Engine Failure on Takeoff

Discussion in 'Pilot Training' started by azpilot, Sep 20, 2021.

  1. MauleSkinner

    MauleSkinner Touchdown! Greaser!

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    Either one is a compromise. Just depends which aspects you feel are of more value. And the answer may be different at different airports or under different conditions.
     
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  2. write-stuff

    write-stuff En-Route

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    A good point to consider. Vx keeps you closer to the departure runway, but Vy gets you to a "safe" altitude more quickly. I use Vx on short runways where a turnback might be an option.
     
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  3. Matthew Rogers

    Matthew Rogers Cleared for Takeoff

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    I have done testing in my C150 (but not at full aft CG yet) and when it is trimmed for takeoff and climb at Vy or Vx ("hands off"), it will not stall or even chirp the stall horn if power is immediately cut. The nose will fall on its own if you are not actively pulling back and it will pick up airspeed above Vy to begin is set of phugoid oscillations to return to its trimmed airspeed. What does this mean? If you don't have a death grip on the yoke and let the nose of the plane do what it wants in a departure engine out scenario, you eliminate(/reduce) the risk of a stall. There is no need to push the yoke over heavily to prevent the stall, it does it all on its own.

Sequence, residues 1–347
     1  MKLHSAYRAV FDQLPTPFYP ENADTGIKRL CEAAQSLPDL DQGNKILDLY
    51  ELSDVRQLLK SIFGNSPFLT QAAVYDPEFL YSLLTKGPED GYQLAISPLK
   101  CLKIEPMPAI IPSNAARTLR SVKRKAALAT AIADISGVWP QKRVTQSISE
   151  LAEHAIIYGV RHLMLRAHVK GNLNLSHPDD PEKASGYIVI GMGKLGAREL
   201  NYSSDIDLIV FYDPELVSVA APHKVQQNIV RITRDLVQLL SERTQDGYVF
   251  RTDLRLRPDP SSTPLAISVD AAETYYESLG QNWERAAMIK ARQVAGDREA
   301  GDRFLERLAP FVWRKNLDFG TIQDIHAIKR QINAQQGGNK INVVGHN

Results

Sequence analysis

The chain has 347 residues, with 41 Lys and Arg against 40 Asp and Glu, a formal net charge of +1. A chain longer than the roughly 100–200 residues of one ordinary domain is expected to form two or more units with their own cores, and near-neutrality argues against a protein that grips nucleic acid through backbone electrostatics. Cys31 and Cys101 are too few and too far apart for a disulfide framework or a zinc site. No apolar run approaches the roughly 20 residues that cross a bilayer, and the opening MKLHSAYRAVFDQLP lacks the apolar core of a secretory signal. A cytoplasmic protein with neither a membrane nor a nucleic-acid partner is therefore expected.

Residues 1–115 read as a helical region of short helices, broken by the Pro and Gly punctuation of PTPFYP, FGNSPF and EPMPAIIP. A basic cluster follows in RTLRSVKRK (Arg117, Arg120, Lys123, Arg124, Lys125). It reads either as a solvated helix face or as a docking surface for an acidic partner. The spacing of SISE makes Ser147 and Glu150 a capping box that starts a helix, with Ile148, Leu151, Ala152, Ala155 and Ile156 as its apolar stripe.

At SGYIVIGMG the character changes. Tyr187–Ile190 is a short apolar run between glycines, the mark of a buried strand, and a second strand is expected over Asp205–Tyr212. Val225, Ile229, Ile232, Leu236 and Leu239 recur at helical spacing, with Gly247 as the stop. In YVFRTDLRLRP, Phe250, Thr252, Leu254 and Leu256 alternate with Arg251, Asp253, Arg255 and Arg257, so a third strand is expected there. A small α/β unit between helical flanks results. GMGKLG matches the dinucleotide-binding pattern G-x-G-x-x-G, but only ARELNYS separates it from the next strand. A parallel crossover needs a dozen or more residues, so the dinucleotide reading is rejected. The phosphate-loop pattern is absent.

Now other plane, other scenario, extreme aft CG - maybe its different. Practice in your airplane. (wherever you feel safe - 2-3000' over an airport?) Its fast to do, just do a full power climb at Vx or Vy, trim for normal takeoff to hold that speed, and immediately pull the power back to idle while not manipulating the yoke and see if your plane lets the nose drop fast enough. A few others here have also done this test including in a Pitts (the complete opposite of a C150).
     
  4. Albany Tom

    Albany Tom Line Up and Wait PoA Supporter

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    In the sense that you're closer to stall at Vx than Vy, then yes, KE matters. The difference in kinetic energy between Vx and Vy in most GA aircraft is very small. Like the difference in 100' of altitude small. But it does mean enough extra energy that reaction time is different, and maybe critically so depending on aircraft, loading, trim, pilot, etc.